Figure 1.Turbine–turbine interaction schematic with wakes denoted by white helices and white fog.
SWiFT: Innovating the Future of Wind Farm Performance
It is well known that large amounts of wind energy are not effectively harvested in large wind farms because the turbines “shadow” each other and reduce the output of the turbines located in their wake. The wakes also produce increased turbulence and uneven loading on the shadowed turbines, increasing fatigue issues that eventually affect a wind farm’s longevity and reliability.
Read more about SWiFT, Scaled Wind Farm Technology Facility 1.6 MB.
SWiFT Facility Commissioning
As part of President Obama’s all-of-the-above energy strategy that develops every available source of American energy, the U.S. Department of Energy, Vestas Wind Systems, Sandia National Laboratories, and Texas Tech University have partnered to break ground on a new state-of-the-art wind turbine test facility in Lubbock, Texas. The Scaled Wind Farm Technology (SWiFT) facility is the first public facility of its kind in the world to use multiple wind turbines to measure how wind turbine wakes interact with one another in a wind farm.
The SWIFT facility has advanced testing and monitoring capabilities, as well as space for up to ten wind turbines, allowing researchers to examine how larger wind farms can become more productive and collaborative. The facility, which will host both open-source and proprietary research, is the result of a partnership between the Department of Energy, Sandia National Laboratories, the Texas Tech University Wind Science and Engineering Research Center, global wind market leader Vestas, and Group NIRE.
Rotor on ground ready to be lifted including Sandia’s telemetric rotor instrumentation.
Test-Bed Wind Turbines Allow Facility Flexibility While Providing Reliable Data in Many Regimes
SWiFT will initially consist of three research-scale wind turbines (modified Vestas V27s) with the first two turbines spaced three diameters apart, perpendicular to the oncoming wind, and the third turbine five diameters downwind. (The turbines form a 3-, 5-, and 6-rotor-diameter-length triangle.) The site has been prepared to add seven additional research-scale wind turbines in the future. The V27 turbine was chosen as the test bed due to its proven history of high reliability. It will be capable of full variable-speed variable-pitch operation with rotational speeds ranging from 0–55 rpm, rotor blades of 9–15 meter lengths, and a maximum power rating of 300 kW.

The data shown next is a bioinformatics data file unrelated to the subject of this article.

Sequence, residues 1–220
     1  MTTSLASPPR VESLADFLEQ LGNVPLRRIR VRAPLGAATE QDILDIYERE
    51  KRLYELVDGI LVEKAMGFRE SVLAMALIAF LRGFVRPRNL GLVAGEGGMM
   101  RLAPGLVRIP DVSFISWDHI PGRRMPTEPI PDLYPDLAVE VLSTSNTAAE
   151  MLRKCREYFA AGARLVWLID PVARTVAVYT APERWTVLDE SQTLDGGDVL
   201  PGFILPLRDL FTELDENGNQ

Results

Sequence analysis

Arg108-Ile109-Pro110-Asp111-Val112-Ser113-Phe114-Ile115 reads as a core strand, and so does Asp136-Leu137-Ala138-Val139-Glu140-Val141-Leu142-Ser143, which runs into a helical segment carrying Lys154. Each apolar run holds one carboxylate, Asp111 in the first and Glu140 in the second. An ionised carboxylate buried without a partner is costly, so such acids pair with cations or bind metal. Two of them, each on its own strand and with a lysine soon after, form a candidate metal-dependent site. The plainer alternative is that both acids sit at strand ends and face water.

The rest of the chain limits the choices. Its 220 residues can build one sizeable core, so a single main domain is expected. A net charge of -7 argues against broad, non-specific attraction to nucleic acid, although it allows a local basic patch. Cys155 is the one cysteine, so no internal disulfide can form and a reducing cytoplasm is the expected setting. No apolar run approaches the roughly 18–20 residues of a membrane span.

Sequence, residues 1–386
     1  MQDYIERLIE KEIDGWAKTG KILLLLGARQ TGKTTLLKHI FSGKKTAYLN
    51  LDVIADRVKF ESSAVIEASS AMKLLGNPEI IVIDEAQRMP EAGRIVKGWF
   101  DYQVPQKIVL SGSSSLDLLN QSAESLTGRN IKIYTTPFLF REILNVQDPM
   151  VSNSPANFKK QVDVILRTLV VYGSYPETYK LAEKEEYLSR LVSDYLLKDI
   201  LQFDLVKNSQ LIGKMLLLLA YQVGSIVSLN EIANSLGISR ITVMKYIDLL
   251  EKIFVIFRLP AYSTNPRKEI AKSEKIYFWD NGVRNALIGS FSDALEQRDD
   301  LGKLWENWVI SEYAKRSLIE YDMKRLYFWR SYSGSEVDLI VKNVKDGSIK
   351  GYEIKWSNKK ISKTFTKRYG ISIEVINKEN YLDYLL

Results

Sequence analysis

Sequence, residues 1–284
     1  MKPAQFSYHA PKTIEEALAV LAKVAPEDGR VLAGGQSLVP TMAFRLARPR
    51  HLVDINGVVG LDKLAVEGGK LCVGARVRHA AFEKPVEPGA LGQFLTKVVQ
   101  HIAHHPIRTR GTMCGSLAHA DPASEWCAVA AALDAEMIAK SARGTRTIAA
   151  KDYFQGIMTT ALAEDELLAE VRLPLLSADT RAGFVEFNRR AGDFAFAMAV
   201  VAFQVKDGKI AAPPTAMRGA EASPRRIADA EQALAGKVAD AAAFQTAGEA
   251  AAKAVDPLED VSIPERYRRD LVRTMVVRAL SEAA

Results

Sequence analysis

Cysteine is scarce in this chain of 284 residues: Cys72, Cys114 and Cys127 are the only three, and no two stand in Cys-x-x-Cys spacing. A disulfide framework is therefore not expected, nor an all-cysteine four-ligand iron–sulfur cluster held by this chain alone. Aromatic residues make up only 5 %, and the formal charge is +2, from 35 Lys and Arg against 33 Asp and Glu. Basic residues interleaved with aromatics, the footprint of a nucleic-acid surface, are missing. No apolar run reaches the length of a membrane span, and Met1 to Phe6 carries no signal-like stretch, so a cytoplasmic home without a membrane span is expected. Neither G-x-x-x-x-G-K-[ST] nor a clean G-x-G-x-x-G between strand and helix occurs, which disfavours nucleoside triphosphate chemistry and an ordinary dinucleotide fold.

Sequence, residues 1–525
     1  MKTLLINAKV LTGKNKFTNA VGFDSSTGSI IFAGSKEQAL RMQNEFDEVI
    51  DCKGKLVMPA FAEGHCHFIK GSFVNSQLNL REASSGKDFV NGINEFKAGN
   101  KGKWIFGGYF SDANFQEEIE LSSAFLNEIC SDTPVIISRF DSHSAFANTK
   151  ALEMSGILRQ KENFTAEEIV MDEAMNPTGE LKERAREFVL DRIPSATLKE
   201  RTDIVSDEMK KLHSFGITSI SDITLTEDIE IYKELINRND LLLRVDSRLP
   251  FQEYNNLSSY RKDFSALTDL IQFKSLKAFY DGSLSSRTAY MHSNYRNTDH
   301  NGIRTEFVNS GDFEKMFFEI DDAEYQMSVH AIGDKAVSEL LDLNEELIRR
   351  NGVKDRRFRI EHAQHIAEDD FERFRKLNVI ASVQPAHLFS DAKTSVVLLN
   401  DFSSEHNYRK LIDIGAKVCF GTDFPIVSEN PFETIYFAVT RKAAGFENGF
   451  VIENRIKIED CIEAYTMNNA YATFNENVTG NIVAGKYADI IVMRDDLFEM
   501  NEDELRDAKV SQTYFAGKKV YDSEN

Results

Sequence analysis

The SWiFT Facility can support all manner of collaborative and fully proprietary projects. Collaborative projects which align with and expand currently funded research activities can be facilitated through Collaborative Research and Development Agreements (CRADAs). Projects in which the complete intellectual property must be protected or are in a completely new R&D thrust can be arranged through Work For Others (WFO) agreements. In these projects, the facility serves a completely contracted and independent role.
SWiFT can also support highly sensitive proprietary R&D through policies and procedures established by Sandia’s national security expertise. Turbines and anemometer towers can be set up on isolated communication intranets to fully protect all data and results. Private offices can be provided in the control building to host proprietary computers and information technology. Access restrictions at the surrounding facility, around the turbines, and within the assembly building can be set to afford protections during experiment setup and tear down.
The current interest areas for research at SWiFT are
- Wake energy loss
- Wake-induced loads
- Advanced rotor development
- Turbine control in wind farms
- Advanced sensing
View a presentation about the SWiFT facility.
If you are interested in learning more about the research or the facilities, feel free to contact the DOE/SNL SWiFT Facility Lead: